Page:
Dallas County

Susan Hawk Quits as Dallas County DA. Abbott to Pick Replacement.

After 20 troubled months on the job and repeated stays at treatment centers to deal with depression, Dallas County District Attorney Susan Hawk resigned Tuesday afternoon. Her replacement will be named by Texas Governor Greg Abbott, and will serve through the 2018 general election.

"It's been an honor and a privilege to serve this office and the citizens of Dallas County," Hawk said in a letter to Abbott, "but my health needs my undivided attention."

When Hawk took office in January 2015 after defeating incumbent district attorney Craig Watkins, she became the only Republican to hold countywide office in Dallas. Soon after taking the post, Hawk admitted that she'd sought treatment at an Arizona clinic for drug addiction during the campaign. During her time in office, Hawk would undergo three more in-patient stays in Houston and Arizona for depression and thoughts of suicide.

After Hawk took her latest leave from her office in May, voices calling for her resignation grew stronger, urging Hawk to quit before Aug. 22, which would've allowed time for a district attorney's race to have been placed on this November's ballot. Toby Shook, a former assistant district attorney and Hawk supporter, says that he doesn't believe Hawk's wait was politically motivated.

"Knowing Susan, she wanted to battle as long as she could. I don't think [her decision to step down Tuesday] is based on a political motive. She's a real fighter and I think she held in there as long as she could," Shook says.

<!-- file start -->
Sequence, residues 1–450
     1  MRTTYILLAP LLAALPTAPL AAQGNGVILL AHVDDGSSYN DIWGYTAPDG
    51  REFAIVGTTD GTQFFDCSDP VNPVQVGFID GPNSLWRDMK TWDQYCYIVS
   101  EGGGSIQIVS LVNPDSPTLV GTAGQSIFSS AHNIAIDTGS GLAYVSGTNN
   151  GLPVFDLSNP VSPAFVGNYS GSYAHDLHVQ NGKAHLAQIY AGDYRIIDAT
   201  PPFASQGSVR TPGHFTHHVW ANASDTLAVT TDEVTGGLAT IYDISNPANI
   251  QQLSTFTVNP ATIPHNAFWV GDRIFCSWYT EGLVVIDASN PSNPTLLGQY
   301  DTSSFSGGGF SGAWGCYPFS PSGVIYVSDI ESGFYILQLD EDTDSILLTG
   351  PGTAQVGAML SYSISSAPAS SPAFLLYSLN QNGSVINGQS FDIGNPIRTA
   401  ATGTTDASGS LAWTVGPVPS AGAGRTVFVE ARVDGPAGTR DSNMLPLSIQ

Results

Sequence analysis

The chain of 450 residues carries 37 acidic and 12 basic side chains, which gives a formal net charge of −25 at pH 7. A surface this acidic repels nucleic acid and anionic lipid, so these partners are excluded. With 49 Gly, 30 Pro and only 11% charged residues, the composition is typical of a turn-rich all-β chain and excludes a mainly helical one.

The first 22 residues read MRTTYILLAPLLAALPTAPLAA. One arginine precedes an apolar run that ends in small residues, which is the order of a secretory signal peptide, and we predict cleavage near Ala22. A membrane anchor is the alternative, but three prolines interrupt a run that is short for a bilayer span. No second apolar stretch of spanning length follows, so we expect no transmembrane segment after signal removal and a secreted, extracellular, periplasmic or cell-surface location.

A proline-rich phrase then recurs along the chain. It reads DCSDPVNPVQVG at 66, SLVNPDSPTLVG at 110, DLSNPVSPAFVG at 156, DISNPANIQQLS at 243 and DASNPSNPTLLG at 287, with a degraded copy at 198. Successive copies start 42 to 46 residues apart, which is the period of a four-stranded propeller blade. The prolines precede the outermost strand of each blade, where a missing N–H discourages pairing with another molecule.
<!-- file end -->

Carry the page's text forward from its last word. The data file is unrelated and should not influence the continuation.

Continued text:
Still, according to Shook, it's for the best that Hawk is stepping down.

"I think Ms. Hawk has to think of what's right for her first, and also what's best for the office. She's obviously been battling mental illness and feels it's necessary to resign to successfully fight that battle," he says. "Everyone wishes her luck to do that, but the office obviously needs to move forward, needs a DA that can be engaged."

Hawk admitted in her letter that she was no longer capable of doing her job.

"I believe our office is making a difference and I want to continue to do good work. But last fall upon returning from treatment, I made a commitment to step away from the office if I felt I could no longer do my job and, unfortunately, I've reached that point as my health needs my full attention in the coming months," Hawk wrote.

In a statement, Abbott's office said that it will begin to take applications for Hawk's empty seat and "take the appropriate time to ensure the replacement is best suited to serve the citizens of Dallas County."
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Stephen Young has written about Dallas news for the Observer since 2014. He's a Dallas native and a graduate of the University of North Texas.
Contact: Stephen Young

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